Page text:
Now we know that a 500 calorie deficit equals a pound of fat loss a week, but if Lucy were to drop a further 500 calories a day she would be eating a measly 1,100 calories a day which is highly unsustainable and will lead to future rebounds.

A better alternative in this scenario would be to add some LISS (low intensity steady state) cardio into her routine to increase her activity levels and allow her to keep eating the same amount of food whilst losing those last 5 pounds.

Another problem that people will no doubt run into is mis-measurement of caloric intake, that’s right EVEN when counting calories and measuring portion sizes it is entirely possible to overestimate.

Take the example of using Cups and tablespoons used to measure certain high calorie foods such as ‘1 cup of rice’ and ‘2 tablespoons of peanut butter’.

It is very easy to get ahead of yourself and just take the biggest heap of peanut butter you can fit onto a small tablespoon, extra hidden calories can easily mount up in this fashion.

Take for example a tablespoon of peanut butter on a nutrition label which states that a 15g serving equates to 90 calories, if you then go and heap a tablespoon you could easily end up with a 25g heap of peanut butter netting you an extra 60 calories which you did not account for.. times this by two and you get 120 unaccounted calories.

This WILL add up.

The safest approach would be to buy yourself a cheap digital food scale and weigh ingredients for a certain period of time until you become accustomed visually to what portion sizes look like.

Diet structure is the key

The way you structure your diet will make or break you.

As mentioned in the opening paragraphs you need to adopt a long term orientated mindset and not be too fixated on instant gratification.

This very reason is why shows like ‘the biggest loser’ are so popular to the mass audience, losing upwards of 4-5 pounds a week is a good start for a severely morbidly obese person whose life is in imminent danger due to their weight and the fact that they cannot practise moderation, however to the average slightly overweight guy/gal looking to get beach body ready this approach is doomed to fail..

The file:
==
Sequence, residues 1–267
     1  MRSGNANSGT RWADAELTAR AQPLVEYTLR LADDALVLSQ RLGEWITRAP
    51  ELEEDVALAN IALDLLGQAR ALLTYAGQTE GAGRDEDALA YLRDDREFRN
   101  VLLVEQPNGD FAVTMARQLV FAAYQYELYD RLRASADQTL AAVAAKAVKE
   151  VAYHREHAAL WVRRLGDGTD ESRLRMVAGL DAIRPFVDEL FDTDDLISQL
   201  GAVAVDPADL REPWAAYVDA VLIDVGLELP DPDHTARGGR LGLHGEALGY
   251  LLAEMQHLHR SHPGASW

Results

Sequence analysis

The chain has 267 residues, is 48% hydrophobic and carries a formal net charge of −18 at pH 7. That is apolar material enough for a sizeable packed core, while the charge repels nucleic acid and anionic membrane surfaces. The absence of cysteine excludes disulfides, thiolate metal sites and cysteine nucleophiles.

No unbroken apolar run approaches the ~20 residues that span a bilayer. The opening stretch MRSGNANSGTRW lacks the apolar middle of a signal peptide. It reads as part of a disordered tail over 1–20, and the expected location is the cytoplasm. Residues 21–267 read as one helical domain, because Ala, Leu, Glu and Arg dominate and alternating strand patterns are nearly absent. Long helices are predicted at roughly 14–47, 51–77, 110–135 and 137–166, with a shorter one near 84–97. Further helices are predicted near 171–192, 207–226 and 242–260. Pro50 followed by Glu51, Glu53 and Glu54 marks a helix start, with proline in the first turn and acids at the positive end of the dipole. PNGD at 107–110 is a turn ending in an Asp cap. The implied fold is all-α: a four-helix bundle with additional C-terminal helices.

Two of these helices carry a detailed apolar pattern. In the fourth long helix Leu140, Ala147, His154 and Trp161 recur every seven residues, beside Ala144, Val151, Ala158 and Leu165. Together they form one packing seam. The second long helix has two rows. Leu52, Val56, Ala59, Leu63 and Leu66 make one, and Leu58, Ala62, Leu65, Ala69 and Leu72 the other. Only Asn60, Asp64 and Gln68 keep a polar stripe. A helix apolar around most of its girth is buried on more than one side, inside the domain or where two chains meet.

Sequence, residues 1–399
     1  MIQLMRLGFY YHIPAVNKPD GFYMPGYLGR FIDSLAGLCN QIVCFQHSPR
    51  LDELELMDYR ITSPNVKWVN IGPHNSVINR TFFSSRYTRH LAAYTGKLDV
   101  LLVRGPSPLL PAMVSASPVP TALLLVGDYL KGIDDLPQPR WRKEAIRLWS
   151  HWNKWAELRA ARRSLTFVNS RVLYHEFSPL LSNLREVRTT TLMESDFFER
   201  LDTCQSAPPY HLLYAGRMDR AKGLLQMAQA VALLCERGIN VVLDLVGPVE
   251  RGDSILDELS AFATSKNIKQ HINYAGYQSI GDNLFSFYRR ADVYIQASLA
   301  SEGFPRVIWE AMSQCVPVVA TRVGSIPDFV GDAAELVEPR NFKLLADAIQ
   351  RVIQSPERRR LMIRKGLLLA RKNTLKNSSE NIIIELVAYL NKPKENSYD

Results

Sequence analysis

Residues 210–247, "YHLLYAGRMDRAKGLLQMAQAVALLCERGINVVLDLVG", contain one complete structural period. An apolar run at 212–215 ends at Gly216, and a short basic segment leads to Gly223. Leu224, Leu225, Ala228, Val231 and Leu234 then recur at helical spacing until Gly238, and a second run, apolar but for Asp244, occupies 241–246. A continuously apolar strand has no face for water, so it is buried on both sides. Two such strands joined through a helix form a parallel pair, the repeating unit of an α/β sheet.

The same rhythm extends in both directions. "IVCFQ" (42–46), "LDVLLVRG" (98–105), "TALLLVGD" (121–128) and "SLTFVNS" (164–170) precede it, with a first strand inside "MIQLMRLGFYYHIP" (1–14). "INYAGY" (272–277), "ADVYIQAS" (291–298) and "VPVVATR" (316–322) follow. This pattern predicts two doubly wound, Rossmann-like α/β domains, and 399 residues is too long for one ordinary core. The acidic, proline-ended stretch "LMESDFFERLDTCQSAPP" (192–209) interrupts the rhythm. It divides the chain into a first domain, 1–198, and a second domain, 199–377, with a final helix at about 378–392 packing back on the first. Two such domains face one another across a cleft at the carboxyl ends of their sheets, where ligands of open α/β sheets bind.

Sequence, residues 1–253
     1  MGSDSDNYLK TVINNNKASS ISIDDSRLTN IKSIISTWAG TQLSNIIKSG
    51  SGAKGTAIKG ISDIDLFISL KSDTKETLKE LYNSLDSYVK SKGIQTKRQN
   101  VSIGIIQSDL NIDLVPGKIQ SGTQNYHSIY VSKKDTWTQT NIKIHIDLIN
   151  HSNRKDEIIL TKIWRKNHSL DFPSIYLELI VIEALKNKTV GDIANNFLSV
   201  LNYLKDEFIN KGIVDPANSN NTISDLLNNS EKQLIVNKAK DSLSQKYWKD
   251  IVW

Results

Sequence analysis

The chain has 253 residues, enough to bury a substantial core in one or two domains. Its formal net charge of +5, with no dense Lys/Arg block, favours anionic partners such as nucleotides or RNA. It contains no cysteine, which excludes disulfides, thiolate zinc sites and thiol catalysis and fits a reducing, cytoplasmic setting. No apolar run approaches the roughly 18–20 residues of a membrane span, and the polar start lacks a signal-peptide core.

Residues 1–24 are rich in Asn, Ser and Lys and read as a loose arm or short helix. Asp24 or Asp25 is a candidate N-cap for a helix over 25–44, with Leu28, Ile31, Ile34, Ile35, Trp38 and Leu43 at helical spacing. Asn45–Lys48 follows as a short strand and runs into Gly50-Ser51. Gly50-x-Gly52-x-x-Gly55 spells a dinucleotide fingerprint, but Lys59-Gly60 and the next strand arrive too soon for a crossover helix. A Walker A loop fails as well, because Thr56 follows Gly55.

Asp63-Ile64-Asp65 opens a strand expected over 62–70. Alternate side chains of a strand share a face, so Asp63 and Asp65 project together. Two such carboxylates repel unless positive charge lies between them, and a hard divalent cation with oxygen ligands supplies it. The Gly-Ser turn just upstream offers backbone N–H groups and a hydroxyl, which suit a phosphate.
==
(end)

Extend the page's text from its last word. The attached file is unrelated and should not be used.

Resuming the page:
A very slight caloric deficit ensures that you are able to keep your sanity and is much more sustainable, I recommend sticking to a 0.5-1.5 pound a week loss max.

Even with this said and done, there can still be complications with those who possess larger appetites.

Believe it or not (not accounting differences between sexes and age groups)there is very little variance in metabolic rate between individuals, usually those who are more inclined to be higher body fat percentages simply have larger appetites and/or are very sedentary.

The best way to combat this is to eat highly satiating foods containing fibre and protein.

In my personal experience I have found the concept of high volume foods to be a life saver when getting into single digit body-fat levels.

Good examples of high volume foods that you can eat a lot of are vegetables, fruits, popcorn and salads. These will leave you feeling full and satisfied, and leave you with more room to include treats so you do not feel the burden of dieting, which leads me to my next point..

Willpower is a finite resource, and you will cheat on your diet if it feels like an extreme slog, believe me on this! In my experience intermittent fasting has revolutionised the weight loss game for me, and while I feel a lot of it’s benefits have been largely over hyped (e.g. increased growth hormone production, better fat burning) it is a great tool in the box and makes dieting a piece of cake.

The way in which I would suggest doing this is skipping breakfast and drinking black coffee and water until around lunch time (12-1pm) and condensing the number of meals that you eat per day down to 2 or 3 larger meals as this is far more satiating and allows for greater social freedom, i.e. you can eat out at night as you have saved more calories from during the day.

Another note would be to include foods you enjoy daily to satisfy any cravings you may have, anecdotally I have found a bar of chocolate is highly satisfying and fills my cravings.

You may find that you simply cannot control yourself with certain food groups. Cookies may be your kryptonite as an example whereby you cant practise moderation and find yourself eating ‘just one more’.

You may need some personal experimentation to see what foods you binge on and which will work for you.

Bottom line

Weight loss can be tough but it doesn’t need to be this way. Setting realistic expectations for weight loss, having the confidence to adjust your diet and exercise to bust through plateaus and having a solid diet structure that doesn’t drain your willpower are the keys to success! I wish you the best of luck…